It’s not very often that all three of us get to spend time together as a family. Luke’s either at his dad’s or Mikey is at work. It makes having family days out quite tricky. Luckily for us, bank holidays exist!
Thanks to the long weekend at the beginning of the Easter holidays, we were able to plan something fun to do with Luke. Originally, we were going to take a trip to the beach and visit Portsmouth – a favourite spot for us, however, the weather was awful so we decided to do something a little closer to home.
After browsing through my 95 Things To Do With The Kids This Summer In Surrey and Hampshire blog post for some inspiration, Mikey came up with a great idea for a day out. Not quite in Surrey, but just outside of it in Berkshire, lies amazing place called The Look Out Discovery Centre. The centre is adjacent to Swinely Forest in Bracknell. This means that not only does it offer an amazing activity filled day for children, you can also find bike trails for all capabilities and practice some den building in the forest.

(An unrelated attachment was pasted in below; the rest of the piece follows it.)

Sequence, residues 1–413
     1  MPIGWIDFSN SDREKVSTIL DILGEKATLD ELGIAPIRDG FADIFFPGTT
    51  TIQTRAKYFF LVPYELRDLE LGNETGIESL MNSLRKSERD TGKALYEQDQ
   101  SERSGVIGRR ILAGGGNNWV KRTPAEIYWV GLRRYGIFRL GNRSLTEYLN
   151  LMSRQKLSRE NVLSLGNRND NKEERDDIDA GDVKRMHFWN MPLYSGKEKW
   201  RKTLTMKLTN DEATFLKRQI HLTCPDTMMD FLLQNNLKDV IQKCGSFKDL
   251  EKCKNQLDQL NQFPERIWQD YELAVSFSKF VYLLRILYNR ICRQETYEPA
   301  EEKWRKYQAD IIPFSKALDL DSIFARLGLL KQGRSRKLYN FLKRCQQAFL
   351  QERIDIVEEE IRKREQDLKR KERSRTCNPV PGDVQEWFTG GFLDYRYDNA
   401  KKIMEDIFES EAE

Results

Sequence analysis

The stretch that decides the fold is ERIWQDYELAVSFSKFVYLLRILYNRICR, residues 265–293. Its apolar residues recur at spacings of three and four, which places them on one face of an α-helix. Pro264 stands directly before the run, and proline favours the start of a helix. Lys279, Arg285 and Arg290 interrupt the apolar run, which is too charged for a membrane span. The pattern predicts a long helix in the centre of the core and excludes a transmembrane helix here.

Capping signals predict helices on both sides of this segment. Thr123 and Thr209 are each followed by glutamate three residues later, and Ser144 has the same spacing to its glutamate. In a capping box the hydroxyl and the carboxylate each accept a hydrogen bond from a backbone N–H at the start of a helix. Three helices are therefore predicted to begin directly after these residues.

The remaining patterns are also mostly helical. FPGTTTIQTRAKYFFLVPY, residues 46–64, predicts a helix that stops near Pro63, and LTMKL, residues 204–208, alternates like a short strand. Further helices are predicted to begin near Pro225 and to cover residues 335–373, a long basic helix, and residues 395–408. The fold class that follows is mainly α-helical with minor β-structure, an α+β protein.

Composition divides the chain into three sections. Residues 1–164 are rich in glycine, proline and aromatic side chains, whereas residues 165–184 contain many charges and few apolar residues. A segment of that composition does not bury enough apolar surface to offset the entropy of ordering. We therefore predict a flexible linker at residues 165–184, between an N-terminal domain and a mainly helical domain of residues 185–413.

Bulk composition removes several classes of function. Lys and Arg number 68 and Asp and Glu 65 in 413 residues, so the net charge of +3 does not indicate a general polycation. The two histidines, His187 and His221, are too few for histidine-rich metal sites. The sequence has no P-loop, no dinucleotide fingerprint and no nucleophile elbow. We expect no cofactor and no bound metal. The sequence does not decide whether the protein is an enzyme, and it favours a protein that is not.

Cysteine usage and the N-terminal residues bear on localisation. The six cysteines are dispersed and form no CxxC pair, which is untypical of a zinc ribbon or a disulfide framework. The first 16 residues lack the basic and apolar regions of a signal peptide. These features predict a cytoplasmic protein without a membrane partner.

Hands On Science
The Look Out Discovery Centre is all about hands on science! With over 90 different activities, the centre offers interactive scientific exhibitions that children of all ages can benefit from and enjoy. The activities are organised into zone which correspond with topics that our children may be learning about at school. In fact, The Look Out Discovery Centre often runs school trips for children and it’s the perfect way to reinforce our children’s learning.
There are five zones at The Look Out Discovery Centre, each designed to correspond with your child’s school education. The zones are: Forces and Movement, Body and Perception, Light and Colour, Woodland and Water, and finally, Build It.